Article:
Just before the holiday break, U.S. EPA announced the potential return to “nonattainment ozone status” for a number of locations in the United States, including portions of eastern and southeastern Wisconsin. After achieving substantial reductions in VOC emissions that form ozone (volatile organic compounds (“VOC”) and nitrogen oxides (“NOx”)), southeastern Wisconsin achieved compliance with a prior ozone standard and avoided the restrictive nonattainment requirements for several years. However, in 2015, U.S. EPA lowered the Ozone National Ambient Air Quality Standards (“NAAQS”) from 75 ppb to 70 ppb. Due in significant part to the transport of ozone and its precursor from the Chicago area, U.S. EPA plans to designate southeastern Wisconsin as nonattainment with the new ozone standard.
Nonattainment status will affect the ability for major expansions and new facilities that emit significant amounts of VOC to proceed. In particular, future expansions in southeastern Wisconsin will be required to:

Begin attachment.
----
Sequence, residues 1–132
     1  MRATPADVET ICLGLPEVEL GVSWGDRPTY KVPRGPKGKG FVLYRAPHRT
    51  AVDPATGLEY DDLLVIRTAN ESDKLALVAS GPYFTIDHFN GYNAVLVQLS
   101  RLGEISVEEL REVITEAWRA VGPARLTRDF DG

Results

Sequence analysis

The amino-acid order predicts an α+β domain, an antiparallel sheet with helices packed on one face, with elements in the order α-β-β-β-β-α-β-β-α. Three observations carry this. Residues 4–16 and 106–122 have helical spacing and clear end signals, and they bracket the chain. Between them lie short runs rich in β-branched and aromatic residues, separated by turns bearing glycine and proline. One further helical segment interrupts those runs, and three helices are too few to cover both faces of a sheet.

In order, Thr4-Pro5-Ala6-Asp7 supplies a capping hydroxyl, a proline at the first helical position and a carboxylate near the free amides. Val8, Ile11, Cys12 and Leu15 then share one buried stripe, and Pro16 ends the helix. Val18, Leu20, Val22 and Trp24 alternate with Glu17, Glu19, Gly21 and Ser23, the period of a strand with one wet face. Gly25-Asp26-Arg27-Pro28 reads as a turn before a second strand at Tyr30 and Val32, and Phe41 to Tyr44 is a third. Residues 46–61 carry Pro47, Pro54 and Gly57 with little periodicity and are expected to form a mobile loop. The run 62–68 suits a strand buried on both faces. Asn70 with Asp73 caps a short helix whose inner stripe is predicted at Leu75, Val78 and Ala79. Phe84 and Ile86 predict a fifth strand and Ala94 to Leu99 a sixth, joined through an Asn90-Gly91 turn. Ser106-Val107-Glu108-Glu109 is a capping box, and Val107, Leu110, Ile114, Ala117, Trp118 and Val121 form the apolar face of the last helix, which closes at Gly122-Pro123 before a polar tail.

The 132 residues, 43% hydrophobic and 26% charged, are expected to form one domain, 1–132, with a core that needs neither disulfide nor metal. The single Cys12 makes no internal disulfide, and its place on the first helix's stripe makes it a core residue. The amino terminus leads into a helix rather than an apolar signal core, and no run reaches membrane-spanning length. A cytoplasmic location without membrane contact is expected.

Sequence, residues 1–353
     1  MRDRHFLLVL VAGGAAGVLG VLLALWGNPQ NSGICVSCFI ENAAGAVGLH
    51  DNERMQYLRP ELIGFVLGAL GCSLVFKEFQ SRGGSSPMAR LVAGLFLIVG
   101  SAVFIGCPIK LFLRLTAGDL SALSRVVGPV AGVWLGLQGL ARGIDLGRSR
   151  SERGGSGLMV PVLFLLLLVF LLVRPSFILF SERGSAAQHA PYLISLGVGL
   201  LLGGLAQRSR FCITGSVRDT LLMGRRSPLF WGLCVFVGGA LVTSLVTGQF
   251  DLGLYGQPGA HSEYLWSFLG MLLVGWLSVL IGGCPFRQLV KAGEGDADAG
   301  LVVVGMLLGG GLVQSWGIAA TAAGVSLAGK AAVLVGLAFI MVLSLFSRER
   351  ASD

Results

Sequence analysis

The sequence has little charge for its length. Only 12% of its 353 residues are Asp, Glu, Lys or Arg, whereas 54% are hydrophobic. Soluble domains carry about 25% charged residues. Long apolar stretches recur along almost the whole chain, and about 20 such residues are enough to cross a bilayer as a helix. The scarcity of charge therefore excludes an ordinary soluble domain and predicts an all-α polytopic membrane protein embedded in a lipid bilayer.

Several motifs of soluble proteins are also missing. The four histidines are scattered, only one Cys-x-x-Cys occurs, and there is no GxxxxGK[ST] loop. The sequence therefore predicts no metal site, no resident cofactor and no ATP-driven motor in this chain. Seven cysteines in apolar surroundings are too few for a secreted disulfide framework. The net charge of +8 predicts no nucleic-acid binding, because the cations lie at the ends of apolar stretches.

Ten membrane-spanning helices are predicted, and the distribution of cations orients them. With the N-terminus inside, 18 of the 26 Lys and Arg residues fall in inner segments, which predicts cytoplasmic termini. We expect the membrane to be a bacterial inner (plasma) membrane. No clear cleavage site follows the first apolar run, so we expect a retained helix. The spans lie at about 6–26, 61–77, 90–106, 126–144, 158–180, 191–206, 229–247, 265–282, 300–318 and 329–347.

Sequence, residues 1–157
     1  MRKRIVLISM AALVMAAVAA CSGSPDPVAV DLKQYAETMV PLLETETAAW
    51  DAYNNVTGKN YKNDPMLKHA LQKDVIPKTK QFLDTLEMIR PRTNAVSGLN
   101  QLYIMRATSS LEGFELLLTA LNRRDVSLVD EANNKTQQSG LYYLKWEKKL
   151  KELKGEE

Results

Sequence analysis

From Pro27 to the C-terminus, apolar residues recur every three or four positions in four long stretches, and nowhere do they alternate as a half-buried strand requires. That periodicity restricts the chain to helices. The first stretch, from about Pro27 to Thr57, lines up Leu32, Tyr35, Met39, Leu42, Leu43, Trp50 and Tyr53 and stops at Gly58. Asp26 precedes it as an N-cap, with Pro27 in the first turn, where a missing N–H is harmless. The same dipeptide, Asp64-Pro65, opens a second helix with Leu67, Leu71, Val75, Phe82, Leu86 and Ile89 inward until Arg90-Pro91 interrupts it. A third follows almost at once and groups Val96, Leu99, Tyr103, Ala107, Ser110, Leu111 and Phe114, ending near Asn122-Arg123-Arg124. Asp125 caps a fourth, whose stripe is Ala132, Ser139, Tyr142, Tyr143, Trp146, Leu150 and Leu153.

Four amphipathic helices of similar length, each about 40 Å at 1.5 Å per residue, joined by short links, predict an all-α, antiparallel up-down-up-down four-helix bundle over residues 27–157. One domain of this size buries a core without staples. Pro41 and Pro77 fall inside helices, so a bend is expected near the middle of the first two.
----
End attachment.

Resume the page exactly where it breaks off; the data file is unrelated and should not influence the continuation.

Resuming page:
Because southeastern Wisconsin met the prior ozone standard, there are no “offsets” of VOC and NOx emissions that are immediately available. If and when offsets do become available, they are likely to be expensive given the limited availability.
U.S. EPA will be reviewing more recent ozone data from Wisconsin as well as accepting comments until February 5, 2018, on the nonattainment designation before making a final decision on nonattainment. Given the significant downside of being classified nonattainment, businesses in eastern and southeastern Wisconsin should consider commenting and/or, if necessary, challenging U.S. EPA’s action.